Story URL: http://news.medill.northwestern.edu/chicago/news.aspx?id=225700
Story Retrieval Date: 9/22/2014 3:12:00 AM CST
The Federal Reserve Bank of Chicago's 16th annual International Banking Conference focuses on the widespread implications of the growing shadow banking industry.
Possible cause of financial crisis still hiding in the shadows
Five years after the worst U.S. recession since the Great Depression, a possible culprit for the country’s financial woes still lurks in the shadows.
Shadow banks, financial intermediaries that work outside the confines of the traditional banking system, remain a point of concern for the industry, specifically due to their lack of regulation and oversight.
The Federal Reserve Bank of Chicago, in collaboration with the International Monetary Fund, brought the issue to the forefront during its 16th annual International Banking Conference, “Shadow Banking Within and Across National Borders,” Nov. 7-8.
Over the past 16 years, the conference has addressed the most pressing topics of the day, and “this year I think we’re spot on,” said Doug Evanoff vice president and senior research advisor for banking issues at the Federal Reserve Bank of Chicago, who moderated the first session of the event. “Shadow banking, a lot of people argue, was at the heart of the most recent financial crisis.”
Many of the conference participants have been involved in research aimed at understanding and regulating shadow banks globally.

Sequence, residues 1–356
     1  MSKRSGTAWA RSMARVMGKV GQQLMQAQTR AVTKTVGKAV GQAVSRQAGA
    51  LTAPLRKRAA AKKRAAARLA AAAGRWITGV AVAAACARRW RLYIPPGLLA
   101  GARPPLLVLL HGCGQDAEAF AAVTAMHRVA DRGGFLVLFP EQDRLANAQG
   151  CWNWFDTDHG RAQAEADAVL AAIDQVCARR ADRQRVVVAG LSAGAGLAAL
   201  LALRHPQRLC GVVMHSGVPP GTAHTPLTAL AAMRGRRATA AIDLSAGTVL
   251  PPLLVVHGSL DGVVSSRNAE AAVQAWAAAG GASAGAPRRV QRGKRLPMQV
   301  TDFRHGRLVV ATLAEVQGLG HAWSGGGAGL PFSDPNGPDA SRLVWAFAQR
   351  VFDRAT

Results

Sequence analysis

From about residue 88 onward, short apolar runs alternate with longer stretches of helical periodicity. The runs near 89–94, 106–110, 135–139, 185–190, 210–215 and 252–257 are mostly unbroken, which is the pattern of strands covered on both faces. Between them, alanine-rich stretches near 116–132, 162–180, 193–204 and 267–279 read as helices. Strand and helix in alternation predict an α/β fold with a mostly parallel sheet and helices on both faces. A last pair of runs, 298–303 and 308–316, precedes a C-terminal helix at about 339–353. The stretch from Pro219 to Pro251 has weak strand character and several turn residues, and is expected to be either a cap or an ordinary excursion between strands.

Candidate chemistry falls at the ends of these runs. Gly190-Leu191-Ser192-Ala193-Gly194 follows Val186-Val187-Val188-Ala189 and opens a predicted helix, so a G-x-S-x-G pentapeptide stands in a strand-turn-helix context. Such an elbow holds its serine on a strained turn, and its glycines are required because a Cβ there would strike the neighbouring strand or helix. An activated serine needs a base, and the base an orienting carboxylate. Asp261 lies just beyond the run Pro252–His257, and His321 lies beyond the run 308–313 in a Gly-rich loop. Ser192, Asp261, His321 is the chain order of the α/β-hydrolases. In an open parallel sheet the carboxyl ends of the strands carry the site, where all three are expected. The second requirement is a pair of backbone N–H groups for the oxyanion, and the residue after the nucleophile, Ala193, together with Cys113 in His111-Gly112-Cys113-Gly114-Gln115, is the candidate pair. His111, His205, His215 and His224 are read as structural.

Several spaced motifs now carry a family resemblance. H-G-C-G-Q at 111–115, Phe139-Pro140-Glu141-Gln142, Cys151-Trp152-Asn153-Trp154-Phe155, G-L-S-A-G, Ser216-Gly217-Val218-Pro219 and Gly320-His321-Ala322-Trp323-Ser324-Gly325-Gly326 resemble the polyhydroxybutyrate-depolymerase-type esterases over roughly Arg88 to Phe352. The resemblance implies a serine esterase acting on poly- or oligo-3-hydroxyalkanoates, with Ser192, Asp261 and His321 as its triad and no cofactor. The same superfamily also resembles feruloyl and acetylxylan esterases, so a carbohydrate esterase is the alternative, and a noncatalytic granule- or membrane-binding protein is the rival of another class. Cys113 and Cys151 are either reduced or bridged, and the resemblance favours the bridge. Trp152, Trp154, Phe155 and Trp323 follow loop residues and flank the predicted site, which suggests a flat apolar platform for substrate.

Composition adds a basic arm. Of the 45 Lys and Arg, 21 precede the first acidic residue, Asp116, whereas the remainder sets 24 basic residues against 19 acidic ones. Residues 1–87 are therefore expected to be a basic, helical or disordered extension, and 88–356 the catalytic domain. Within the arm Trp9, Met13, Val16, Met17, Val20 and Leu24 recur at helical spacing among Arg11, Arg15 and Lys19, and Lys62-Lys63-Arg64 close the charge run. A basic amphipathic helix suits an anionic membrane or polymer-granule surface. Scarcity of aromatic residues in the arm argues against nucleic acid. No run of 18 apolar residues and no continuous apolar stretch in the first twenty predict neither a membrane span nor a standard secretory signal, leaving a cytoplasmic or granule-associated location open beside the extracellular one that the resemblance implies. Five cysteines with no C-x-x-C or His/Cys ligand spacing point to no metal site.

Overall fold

“We can look backward easily for guidance,” said Nicola Cetorelli, assistant vice president in the financial intermediation function at the Federal Reserve Bank of New York. “But at the end of the day it’s also important to take a practical approach on how to tackle potential issues that might be on the plate and that the regulators have to address, especially facing the challenges of a global undertaking of the problem,” he continued.
Growing activity in international markets is a concern for experts, as the definition of shadow banking differs from culture to culture, making international regulation difficult. According to the Financial Security Board, the shadow banking industry amounts to $65 trillion to $70 trillion globally. At the end of 2011, the majority of the industry, 35 percent, was in the U.S., down from 44 percent in 2005.
A member of the FSB’s international working group on shadow banking, Cetorelli said the organization is working to define the scope and size of the industry as well as implement a global monitoring system and prepare regulatory proposals to address potential issues and weaknesses.
Shadow banks, which can include hedge funds, money market funds and structured investment vehicles, such as mortgage-backed securities, use derivatives to reduce their risk. However, because they lack direct access to central banks, they also operate with less regulation.